Lesson 1 | The Basics
Why Another Greek Course?
Many Greek grammars and online courses are available today. So, why create another one? While this course will lean on the work of others, it seeks to teach you how to read the NT (New Testament) in Koine Greek in several unique ways:
Unlike most online classes, Biblearc allows you to interact with the Greek text by creating diagrams, highlighting words, dividing the text into clauses, etc. Also, Biblearc’s path courses allow you to interact with course instructors, to participate in group discussions, and to receive personal feedback on your assignments.
While the course uses English to teach Greek, it seeks to do so with simple terminology to help those who speak English as their second or third language. Further, Biblearc offers this course at a missions-oriented price with the hope that pastors from countries in the Majority World will be able to enroll.
Tracing the Argument
One of the greatest benefits of learning how to read the NT in Greek is that it allows us to trace an author’s argument with more clarity and confidence. This course introduces students to one way of doing so—a Bible study method called Phrasing.
As the course progresses, you will learn how to diagram Greek sentences. This focus is helpful in two ways. First, it allows you to see the grammar of the Greek text. Second, it forces you explain how each word in a Greek sentence functions.
This course exists to equip students to read and understand the NT in Koine Greek, its original language. Why? Because reading the NT in Greek helps us read the NT with more understanding. Consider some examples from John 3:16.
οὕτως γὰρ ἠγάπησεν ὁ θεὸς τὸν κόσμον, ὥστε τὸν υἱὸν τὸν μονογενῆ ἔδωκεν, ἵνα πᾶς ὁ πιστεύων εἰς αὐτὸν μὴ ἀπόληται ἀλλ᾿ ἔχῃ ζωὴν αἰώνιον. (NA28, Koine Greek)
For God so loved the world, that he gave his only Son, that whoever believes in him should not perish but have eternal life. (ESV)
Knowing Greek helps us understand specific words better. The word “world” (κόσμος) in John 3:16 refers to all of humanity as rebels against God.
In English, most translations of John 3:16 leave the connectors as “that.” Is “that” telling us the result, the content, or the purpose of God’s love for the world? Without Greek, it would be very difficult to understand how each “that” connects. The Greek connectors in John 3:16 help us understand how each clause relates to what comes before it:
ὥστε (“that”) connects God’s gift of his Son as the result of his love for the world. So, our God loves rebels so much that it results in him giving his eternal Son to them.
ἵνα (“that”) connects eternal life as the purpose of God’s gift. Why does God give his Son to rebels? So that (ἵνα) those rebels can have life in the Son. The heart of our God towards rebels ought to comfort us and give us hope in his love for us.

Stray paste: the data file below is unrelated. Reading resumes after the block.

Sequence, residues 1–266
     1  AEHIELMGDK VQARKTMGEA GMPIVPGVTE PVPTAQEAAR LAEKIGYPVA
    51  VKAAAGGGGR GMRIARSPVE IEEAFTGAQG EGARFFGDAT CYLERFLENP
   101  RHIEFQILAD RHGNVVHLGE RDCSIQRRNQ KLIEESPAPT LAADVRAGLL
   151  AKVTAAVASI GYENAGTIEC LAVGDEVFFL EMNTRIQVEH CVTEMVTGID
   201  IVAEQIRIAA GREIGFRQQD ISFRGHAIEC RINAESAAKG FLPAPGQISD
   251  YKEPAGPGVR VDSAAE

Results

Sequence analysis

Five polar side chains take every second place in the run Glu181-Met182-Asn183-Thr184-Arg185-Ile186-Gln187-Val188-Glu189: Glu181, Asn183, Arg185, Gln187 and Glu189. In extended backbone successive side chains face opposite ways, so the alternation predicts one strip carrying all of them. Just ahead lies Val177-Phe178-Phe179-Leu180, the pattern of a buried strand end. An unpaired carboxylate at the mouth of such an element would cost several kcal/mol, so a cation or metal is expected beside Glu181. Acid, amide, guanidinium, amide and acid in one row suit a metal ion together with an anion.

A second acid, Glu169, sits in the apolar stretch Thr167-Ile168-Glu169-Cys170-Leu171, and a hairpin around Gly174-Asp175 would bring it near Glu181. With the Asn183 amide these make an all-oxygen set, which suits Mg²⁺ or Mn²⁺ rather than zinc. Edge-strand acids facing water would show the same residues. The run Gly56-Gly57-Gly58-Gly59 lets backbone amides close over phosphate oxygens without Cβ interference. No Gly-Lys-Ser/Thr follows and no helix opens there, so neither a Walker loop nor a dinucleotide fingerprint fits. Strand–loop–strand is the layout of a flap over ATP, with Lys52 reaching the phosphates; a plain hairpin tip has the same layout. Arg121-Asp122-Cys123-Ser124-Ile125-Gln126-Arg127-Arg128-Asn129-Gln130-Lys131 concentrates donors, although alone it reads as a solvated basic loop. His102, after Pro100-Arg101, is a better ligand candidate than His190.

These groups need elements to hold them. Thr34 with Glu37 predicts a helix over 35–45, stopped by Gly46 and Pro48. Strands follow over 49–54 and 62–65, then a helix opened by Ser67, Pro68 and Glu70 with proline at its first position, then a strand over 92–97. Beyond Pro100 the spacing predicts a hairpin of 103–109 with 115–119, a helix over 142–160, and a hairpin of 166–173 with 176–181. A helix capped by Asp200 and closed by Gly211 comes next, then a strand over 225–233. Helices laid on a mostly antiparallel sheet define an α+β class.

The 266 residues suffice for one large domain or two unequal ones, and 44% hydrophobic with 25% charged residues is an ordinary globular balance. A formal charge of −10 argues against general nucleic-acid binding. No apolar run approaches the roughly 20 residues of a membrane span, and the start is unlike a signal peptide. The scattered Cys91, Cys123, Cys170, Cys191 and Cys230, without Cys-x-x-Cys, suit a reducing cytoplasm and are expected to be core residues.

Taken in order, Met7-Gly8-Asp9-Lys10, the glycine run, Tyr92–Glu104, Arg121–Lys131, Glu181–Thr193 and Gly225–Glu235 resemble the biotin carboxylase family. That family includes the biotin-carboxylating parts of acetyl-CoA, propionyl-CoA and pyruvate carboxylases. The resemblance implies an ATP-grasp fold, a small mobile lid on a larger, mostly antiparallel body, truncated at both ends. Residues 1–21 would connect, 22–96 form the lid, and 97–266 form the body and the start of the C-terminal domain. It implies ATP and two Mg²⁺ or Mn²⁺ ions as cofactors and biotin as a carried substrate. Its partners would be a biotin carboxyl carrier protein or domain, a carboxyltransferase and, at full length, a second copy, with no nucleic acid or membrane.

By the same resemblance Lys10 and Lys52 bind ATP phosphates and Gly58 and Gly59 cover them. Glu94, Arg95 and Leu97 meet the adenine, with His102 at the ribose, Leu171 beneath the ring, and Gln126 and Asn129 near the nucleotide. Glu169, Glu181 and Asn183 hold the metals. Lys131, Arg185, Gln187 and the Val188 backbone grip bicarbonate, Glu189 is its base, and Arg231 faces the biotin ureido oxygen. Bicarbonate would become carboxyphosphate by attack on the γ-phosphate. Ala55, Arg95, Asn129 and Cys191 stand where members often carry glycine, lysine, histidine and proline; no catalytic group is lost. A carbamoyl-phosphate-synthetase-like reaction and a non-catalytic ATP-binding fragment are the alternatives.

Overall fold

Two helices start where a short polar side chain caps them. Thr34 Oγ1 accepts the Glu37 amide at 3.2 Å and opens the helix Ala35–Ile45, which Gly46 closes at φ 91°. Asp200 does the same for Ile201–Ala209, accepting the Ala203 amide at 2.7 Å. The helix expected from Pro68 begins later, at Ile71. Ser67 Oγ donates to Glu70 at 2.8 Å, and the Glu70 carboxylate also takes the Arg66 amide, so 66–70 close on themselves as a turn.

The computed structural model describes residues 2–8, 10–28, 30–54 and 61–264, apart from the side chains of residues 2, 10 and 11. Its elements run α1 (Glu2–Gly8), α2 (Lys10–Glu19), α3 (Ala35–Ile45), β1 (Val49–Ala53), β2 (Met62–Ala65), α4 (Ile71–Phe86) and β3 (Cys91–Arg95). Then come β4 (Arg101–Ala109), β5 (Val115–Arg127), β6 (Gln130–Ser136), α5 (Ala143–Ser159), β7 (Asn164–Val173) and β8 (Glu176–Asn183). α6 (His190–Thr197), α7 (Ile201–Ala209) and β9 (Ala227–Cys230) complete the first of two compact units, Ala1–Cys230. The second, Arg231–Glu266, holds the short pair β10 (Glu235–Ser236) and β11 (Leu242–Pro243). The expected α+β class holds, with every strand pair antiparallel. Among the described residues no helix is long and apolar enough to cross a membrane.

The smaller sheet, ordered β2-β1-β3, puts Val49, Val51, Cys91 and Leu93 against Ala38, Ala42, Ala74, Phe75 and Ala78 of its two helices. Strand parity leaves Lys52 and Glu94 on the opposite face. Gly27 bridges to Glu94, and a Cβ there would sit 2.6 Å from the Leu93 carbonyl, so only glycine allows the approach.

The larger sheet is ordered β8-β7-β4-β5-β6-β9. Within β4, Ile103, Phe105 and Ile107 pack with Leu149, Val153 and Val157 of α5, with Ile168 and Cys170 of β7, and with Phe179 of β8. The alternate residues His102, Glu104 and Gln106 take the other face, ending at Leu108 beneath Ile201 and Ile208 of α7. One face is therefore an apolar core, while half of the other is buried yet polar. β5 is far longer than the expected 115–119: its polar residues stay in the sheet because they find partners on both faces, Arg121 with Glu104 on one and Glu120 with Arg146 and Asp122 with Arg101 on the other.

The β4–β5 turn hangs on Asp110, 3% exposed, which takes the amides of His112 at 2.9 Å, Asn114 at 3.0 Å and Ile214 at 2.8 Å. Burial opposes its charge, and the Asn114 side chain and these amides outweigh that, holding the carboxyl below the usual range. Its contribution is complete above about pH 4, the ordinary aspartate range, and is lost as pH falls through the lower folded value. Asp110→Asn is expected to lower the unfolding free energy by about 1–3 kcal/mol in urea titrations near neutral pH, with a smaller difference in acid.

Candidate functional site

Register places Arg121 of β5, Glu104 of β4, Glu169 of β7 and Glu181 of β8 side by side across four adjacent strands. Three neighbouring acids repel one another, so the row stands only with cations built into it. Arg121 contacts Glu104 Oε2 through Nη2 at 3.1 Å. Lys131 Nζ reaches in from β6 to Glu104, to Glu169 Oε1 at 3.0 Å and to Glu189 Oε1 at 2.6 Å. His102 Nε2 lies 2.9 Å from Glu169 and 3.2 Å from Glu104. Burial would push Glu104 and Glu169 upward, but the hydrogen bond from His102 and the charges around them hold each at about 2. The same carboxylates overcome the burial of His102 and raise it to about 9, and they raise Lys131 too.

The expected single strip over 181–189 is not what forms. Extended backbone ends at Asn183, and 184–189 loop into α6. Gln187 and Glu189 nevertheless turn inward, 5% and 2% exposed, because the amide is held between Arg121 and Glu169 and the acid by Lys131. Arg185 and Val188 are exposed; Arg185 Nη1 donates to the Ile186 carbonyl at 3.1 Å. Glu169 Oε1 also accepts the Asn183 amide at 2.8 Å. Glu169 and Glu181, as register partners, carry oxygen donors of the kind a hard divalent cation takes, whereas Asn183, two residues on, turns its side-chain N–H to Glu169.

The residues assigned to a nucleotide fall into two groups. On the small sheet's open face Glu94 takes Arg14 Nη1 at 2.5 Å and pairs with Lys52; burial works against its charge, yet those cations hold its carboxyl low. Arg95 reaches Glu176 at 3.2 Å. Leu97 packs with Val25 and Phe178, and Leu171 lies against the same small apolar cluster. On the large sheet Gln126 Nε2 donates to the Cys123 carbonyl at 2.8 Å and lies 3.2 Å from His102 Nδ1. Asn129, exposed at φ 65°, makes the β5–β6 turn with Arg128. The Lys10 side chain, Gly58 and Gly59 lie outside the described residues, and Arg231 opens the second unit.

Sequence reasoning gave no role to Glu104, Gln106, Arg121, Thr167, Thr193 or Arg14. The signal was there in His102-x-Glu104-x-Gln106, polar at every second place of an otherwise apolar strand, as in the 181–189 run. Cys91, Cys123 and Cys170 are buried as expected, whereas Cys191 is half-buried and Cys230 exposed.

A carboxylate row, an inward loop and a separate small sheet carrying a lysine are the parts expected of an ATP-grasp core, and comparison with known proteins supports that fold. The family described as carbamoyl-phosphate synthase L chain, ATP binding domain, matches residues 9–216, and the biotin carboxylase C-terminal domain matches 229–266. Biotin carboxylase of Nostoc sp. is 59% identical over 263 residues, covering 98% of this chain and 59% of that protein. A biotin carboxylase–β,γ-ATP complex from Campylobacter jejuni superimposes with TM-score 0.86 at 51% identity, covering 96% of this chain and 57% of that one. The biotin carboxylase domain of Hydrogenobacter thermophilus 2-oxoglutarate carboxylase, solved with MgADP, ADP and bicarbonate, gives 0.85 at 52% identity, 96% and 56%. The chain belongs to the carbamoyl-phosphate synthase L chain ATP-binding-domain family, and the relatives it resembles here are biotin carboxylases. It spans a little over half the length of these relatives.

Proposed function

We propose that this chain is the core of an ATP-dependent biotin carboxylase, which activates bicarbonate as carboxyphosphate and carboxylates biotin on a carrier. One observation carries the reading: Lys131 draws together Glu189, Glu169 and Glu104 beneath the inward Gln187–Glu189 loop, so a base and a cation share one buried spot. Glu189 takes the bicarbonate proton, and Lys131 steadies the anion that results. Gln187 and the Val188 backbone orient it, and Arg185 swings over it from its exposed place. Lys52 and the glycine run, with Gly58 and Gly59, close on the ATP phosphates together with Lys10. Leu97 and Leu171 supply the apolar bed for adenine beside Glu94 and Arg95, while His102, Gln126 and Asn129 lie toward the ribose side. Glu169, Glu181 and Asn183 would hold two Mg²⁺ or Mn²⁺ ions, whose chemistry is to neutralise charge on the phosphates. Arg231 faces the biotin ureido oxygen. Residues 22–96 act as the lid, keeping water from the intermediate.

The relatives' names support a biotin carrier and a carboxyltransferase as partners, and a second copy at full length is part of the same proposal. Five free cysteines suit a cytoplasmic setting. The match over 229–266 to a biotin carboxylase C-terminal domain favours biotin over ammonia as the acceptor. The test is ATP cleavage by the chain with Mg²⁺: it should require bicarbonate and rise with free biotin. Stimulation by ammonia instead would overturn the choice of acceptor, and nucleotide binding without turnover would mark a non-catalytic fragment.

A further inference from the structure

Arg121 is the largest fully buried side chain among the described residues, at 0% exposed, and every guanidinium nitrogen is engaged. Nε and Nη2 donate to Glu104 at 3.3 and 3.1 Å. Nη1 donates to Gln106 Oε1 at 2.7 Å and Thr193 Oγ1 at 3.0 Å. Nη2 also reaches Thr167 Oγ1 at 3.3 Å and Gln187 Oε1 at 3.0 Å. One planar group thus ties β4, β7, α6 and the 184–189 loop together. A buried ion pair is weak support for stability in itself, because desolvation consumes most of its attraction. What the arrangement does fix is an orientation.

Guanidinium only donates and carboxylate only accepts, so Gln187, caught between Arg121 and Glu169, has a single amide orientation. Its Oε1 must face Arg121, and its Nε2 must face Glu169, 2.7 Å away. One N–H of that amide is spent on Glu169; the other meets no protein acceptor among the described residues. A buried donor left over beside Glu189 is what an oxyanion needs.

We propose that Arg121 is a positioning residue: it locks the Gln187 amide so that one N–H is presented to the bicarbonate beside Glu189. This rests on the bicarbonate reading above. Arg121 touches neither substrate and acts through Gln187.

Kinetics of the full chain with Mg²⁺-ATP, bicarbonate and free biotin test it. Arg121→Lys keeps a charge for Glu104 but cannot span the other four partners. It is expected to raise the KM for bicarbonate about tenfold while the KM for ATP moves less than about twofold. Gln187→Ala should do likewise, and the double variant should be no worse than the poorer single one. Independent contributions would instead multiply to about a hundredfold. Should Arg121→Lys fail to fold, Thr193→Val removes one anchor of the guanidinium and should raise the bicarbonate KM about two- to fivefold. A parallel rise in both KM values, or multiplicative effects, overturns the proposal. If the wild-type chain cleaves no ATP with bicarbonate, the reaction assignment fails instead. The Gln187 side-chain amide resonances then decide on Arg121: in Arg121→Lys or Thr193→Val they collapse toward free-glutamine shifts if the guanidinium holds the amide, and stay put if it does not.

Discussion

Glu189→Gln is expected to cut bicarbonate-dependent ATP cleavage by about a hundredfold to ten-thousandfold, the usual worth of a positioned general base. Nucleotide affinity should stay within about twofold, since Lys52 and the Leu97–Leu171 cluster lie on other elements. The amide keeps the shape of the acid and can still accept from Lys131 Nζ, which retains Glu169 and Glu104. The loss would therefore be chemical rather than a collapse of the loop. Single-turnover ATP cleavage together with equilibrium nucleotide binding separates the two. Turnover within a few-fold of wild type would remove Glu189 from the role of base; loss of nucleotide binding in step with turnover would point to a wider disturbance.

ἀλλ᾿ (“but”) emphasizes God’s life-giving, death-defeating purpose by replacing a negative statement (“should not perish”) of God’s purpose with a positive one (“have eternal life”)
Ultimately, Koine Greek can help us see Jesus in the NT more clearly and with more confidence than reading a translation. In John 3:16, Koine Greek helps us see that Jesus is God’s gift of life to a rebel world. Praise God that he has given us Jesus! May we find life in his name!
By the end of this course, students will be able to do the following.
Translate most words that occur 100x or more in the Greek NT (about 17 words/lesson)
Read, parse (analyze the grammar), and translate all non-verb words as well as participles and infinitives
Visually display how the words of a Greek sentence relate to one another through diagramming
Understand how reading the NT in Greek helps us trace an author’s argument
Each lesson consists of the following steps.
Devotional - A short worship-inducing reading that shows how Koine Greek helps us see Christ more clearly in a NT text.
Vocabulary - This section introduces new words and reviews old words.
Guided Reading - A video where we practice reading a NT text in Greek together.
Grammar Points - Two or three grammar points that teach basic elements of Koine Greek. Each grammar point will include teaching, examples, and practice.
Guided Practice - Short exercises that encourage students to apply the grammar points learned in this lesson.
Review - This section reviews what we learned in the lesson.
Assignment - Homework to be completed before moving on to the next lesson.
Each lesson should take about two hours for the average student to complete. The assignment should take about one hour to complete. Finally, students are expected to study at least one hour of vocabulary between each lesson.
This course consists of ten lessons. Here is a road map for where we are going during these ten lessons.
As you can see, there is a lot to learn! But if you are willing to work hard with God's help, you can do this. Hard work and persistence are the keys to success. Learning Greek ought to humble you and move you to throw yourself upon God for help. He wants to help you! Pray before, during, and after lessons. Pray as you parse and as you practice. I am praying for you that God uses this course to magnify Jesus in your eyes and heart.
A computer with reliable internet access
A Biblearc account
Pencils and a notebook
Optional: A Greek New Testament (We will talk about this more in Lesson 2)